The Bloomberg graph above compares the yield curves on Australian corporate and government debt, with US corporate and government debt. The left, vertical axis is the interest rate payable on the borrowing (the yield). The bottom, horizontal axis is the term of the loan in months or years (called the tenor).

As the graph shows, Australia’s debt markets do compare unfavourably to those of the US, in two key respects: the debt is shorter-term, and the spread between corporate and government-sector debt is wider and gets even wider as the tenor increases.

Australian corporate debt is the green line: it is the most expensive debt (i.e. higher interest is payable), the curve rises most steeply (i.e. the longer-term the loan, the more expensive it gets) and the maximum term is nine years.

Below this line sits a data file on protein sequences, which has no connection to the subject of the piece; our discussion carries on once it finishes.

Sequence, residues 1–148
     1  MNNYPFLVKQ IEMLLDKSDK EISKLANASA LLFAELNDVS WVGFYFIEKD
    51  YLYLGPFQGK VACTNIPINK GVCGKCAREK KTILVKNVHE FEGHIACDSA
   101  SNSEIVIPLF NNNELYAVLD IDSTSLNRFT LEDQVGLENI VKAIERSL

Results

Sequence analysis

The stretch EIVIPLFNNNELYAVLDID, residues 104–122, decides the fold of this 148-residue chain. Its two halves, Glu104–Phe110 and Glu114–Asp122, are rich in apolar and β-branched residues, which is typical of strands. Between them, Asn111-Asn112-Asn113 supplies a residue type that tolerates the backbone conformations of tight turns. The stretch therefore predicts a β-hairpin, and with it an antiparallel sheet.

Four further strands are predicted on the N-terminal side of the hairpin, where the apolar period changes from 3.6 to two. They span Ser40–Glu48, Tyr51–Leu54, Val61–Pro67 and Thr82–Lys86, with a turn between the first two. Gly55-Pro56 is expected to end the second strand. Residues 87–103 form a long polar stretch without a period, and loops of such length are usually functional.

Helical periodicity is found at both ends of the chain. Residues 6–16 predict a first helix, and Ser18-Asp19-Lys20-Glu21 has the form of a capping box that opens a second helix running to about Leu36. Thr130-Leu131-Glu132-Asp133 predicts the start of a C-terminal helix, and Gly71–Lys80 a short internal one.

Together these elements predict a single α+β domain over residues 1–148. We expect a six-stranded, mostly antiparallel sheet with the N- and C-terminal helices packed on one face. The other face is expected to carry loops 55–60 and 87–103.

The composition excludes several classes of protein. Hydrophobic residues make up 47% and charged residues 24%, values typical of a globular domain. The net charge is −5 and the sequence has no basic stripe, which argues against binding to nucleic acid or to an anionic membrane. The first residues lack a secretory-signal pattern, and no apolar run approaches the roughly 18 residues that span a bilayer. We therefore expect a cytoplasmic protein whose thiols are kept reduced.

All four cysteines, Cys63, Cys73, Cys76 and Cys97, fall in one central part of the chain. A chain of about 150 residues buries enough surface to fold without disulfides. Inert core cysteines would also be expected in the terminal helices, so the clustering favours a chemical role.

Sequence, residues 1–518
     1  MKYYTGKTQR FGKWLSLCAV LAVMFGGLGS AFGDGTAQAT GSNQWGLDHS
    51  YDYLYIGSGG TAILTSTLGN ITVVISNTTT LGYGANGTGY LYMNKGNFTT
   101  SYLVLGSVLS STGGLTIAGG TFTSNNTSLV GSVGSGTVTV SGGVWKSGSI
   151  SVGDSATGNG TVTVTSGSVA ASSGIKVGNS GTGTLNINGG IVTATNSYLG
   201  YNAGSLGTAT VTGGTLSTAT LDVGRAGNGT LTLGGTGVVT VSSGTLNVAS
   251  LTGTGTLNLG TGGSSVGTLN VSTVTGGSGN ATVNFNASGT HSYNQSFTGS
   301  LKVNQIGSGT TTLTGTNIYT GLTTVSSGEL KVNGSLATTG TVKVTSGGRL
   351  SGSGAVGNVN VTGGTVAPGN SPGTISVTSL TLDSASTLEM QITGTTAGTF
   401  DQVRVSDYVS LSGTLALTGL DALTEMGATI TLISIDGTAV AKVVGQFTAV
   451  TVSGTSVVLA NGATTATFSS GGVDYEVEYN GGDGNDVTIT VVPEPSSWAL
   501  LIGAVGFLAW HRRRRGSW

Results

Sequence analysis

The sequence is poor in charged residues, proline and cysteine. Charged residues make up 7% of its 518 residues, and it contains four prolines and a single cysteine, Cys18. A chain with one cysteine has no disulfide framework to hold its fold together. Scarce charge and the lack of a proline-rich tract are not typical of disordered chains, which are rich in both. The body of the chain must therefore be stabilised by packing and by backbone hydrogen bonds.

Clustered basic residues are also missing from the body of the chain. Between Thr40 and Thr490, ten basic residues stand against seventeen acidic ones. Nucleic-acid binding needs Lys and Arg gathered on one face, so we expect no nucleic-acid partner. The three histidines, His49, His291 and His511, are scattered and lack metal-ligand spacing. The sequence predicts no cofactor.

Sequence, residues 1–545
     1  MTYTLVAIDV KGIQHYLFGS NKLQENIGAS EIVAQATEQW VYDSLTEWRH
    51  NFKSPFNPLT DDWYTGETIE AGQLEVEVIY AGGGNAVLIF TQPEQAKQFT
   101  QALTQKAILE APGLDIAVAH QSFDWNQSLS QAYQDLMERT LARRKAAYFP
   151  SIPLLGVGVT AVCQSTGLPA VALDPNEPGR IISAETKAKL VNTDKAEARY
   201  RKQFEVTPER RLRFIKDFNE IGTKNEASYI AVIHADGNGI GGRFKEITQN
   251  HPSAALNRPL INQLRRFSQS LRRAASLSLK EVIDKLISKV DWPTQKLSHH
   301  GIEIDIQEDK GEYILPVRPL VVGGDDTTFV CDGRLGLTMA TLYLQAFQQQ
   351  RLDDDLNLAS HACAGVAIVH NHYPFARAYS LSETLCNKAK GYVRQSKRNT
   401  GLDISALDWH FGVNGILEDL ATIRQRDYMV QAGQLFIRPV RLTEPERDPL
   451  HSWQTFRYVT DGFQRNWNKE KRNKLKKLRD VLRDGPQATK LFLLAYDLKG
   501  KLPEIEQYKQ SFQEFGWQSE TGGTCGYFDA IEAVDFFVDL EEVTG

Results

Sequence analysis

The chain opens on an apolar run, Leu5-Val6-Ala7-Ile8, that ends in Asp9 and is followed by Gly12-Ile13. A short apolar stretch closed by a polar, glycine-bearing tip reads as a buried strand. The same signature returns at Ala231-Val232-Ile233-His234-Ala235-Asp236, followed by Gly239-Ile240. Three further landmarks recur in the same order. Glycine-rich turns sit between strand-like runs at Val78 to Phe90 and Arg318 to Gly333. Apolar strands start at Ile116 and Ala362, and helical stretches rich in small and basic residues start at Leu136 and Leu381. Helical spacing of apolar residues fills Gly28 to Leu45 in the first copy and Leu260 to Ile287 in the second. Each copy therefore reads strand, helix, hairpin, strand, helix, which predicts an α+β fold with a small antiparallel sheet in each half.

Australian government debt is the red line: it is the next-most expensive debt (reflecting our higher official interest rates than the US) and the term extends out to 15 years; much longer than the corporate sector.

Notice that the spread between the green and red lines — which is the relative cost of corporate versus public-sector debt, reflecting the extra risk premium business borrowers must pay — widens as the term of the debt increases. The opposite relationship is evident in the US yield curves, which widen out but then converge again at the right.

US corporate debt is cheaper than Australian corporate debt, it tracks US government debt more closely, and (this is fundamental) it extends out to 30 years for both public and private. That has huge implications: longer-term debt markets open up all sorts of possibilities for funding major infrastructure, including through public-private partnerships.